Another aspect that has influenced my decision to fast in the past is my strong belief that if you do something for the sake of Allah (SWT) He will make it easy and place barakah in it for you. He may ask you to make a sacrifice or undergo something challenging for Him, but he will not necessarily exact it from you (think of Ibrahim AS being asked to slaughter his son, but not actually having to). Hence the fact that it seems easier to fast in the middle of summer for Ramadan when Allah’s (SWT) help and mercy is with you, than make up fasts outside of winter even in the short cool days. With my older children I fasted with the intention that I would make abundant dua (supplication) for my babies whilst fasting with greater confidence that they were being accepted.

At the moment I also have the added factor of my children starting to fast. Watching them fast but not doing so myself feels very strange. I have tried to be discreet, but now I have the boys asking me every few days why I am not fasting – I have told them it’s because I am not well and need injections from the doctor (B12) so cannot. Little Lady and I had a running joke to see how long before the boys clocked we were expecting another blessing. We never thought it would last this long, but now at almost seven and a half months they still haven’t realised (Gorgeous just isn’t very impressed that I have gotten fat). So now we have decided not to tell them and see how they react when a new baby comes home – I had no idea they would be so oblivious.

Not being able to fast means that I have been looking for other ways to make the most of this month and not miss out on it’s rewards, this has been difficult because I find it hard to pray salat because of my bulk and exhaustion. Instead I have been trying to make more dhikr, share food at iftar time and encourage the children to do more good deeds (Gorgeous likes the idea of a good deed list and Little Man is looking for one good deed that will give him an enormous reward).

I would love to hear suggestions from other sisters about what they do at this time for spiritual fulfilment and reward if they are missing out on fasting, whether due to pregnancy, illness or menstruation.

I pray for my sisters who are fasting and for those who simply could not and ask for your dua’s for all of us and for Allah (SWT) to accept whatever little we can manage during this blessed month.


  1. Salaam Umm Salihah - I agree with you completely. Last year, I was advised by my doctor (non Muslim) not to fast due to my age and health conditions. I did try to fast, but was dehydrated, and feared risk to my child. Like you, I did a lot of research and consulted local Alimahs. Each sister knows what is best for her, so its best not to judge. Alhamdulillah, this year, even with nursing, I am able to fast the long days. Allah knows Best! I did feel like I missed out on fasting last year. I'm in the US, so our fasts are long as well.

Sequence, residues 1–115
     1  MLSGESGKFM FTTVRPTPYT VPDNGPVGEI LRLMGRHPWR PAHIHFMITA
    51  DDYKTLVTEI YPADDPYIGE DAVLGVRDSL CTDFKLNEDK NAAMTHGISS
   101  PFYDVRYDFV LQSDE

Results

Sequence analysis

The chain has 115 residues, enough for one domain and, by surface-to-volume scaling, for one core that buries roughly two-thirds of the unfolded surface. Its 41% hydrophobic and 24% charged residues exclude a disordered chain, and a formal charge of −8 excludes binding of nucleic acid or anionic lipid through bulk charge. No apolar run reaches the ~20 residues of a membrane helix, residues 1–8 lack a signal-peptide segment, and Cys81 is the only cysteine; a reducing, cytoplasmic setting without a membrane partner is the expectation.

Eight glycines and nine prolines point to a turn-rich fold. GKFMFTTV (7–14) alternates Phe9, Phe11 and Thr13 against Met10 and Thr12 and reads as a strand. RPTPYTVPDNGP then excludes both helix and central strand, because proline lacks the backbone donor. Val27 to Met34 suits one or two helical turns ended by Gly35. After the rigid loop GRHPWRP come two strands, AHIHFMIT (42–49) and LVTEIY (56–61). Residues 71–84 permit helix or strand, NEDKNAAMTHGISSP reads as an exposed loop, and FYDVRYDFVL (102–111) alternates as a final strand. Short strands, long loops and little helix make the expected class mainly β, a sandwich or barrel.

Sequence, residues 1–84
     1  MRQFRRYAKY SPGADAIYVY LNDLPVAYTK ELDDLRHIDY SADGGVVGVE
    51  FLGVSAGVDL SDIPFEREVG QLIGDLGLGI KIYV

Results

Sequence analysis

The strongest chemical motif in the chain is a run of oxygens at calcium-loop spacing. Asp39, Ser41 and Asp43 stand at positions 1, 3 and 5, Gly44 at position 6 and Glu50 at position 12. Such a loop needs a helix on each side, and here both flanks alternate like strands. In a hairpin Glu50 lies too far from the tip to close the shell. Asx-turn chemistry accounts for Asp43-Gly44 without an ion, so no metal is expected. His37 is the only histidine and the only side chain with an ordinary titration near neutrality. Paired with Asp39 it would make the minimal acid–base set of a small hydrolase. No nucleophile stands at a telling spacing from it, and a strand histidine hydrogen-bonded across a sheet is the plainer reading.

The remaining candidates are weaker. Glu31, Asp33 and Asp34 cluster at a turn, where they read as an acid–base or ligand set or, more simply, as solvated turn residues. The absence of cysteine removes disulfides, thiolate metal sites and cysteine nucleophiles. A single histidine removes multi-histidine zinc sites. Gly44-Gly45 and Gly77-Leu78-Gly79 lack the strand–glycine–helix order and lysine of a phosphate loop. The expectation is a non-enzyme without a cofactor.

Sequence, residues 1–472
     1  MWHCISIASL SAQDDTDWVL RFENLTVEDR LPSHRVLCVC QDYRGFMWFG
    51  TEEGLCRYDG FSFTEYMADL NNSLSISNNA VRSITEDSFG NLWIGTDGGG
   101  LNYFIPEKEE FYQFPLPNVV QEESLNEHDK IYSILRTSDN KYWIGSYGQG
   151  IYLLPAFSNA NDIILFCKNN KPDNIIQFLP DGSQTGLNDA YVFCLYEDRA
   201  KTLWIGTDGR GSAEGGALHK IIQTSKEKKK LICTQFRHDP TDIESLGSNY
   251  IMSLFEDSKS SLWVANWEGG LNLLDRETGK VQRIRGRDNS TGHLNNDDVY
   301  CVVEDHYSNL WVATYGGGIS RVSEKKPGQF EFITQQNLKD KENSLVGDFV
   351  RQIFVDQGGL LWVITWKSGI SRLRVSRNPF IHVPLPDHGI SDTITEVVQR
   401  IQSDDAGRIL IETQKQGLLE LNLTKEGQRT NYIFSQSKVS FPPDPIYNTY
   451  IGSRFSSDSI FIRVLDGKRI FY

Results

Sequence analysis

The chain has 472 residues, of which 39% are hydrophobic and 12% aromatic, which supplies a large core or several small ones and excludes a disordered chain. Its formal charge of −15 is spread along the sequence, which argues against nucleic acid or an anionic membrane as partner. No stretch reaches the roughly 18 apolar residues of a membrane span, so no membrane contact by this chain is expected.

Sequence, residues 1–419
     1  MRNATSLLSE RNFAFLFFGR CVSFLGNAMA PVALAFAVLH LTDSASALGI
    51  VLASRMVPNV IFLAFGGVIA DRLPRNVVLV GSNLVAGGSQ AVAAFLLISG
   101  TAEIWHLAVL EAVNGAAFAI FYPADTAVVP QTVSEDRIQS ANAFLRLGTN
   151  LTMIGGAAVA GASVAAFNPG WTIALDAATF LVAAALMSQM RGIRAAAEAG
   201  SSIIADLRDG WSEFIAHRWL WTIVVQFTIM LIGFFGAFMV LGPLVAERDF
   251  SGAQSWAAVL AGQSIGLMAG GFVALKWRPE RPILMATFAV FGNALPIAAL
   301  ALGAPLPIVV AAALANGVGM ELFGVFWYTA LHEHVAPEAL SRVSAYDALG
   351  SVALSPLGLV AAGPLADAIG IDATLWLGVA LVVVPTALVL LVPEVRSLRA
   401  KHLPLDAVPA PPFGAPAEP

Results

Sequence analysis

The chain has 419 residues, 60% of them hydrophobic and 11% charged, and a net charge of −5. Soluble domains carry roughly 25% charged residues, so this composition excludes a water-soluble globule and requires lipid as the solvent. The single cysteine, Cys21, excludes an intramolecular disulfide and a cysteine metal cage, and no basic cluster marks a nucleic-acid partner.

I did make up for it by: 1) attending Taraweeh regularly, 2) Devoting extra time to reading Qur'an. I would listen to extra recitation of the Qur'an whenever possible. I also made an effort to try to memorize a few extra Surahs, by writing the transliterations out on paper. I think that helped me feel connected.
    Ameen to your du'as and may Allah (SWT) accept whatever we humbly offer and make it easy for all sisters everywhere!

  2. I think you are also making a great sacrifice by supporting your husband as he does special work in Germany.

    As part of my faith, we regularly fast one Sunday per month, plus other times when we need extra blessings. I get diabetic when pregnant, so fasting it's not an option. I fasted once while nursing, and I lost half my milk overnight. Like you, I struggled trying to teach my children to fast while I was not. I tried to eat before they got up. Another thing is attitude. Being able to eat doesn't mean indulging yourself. Eating to nourish the baby doesn't have to mean eating sweets or complicated meals. I would usually have a small sandwich and a glass of milk. It was enough.

    I think whatever you decide to do, it is the right thing for you. And it's nobody's business but yours and God's. He sees the intentions of your heart. He knows you would do this if it were safe, as you explained.

    I wish you the best! I love reading your posts!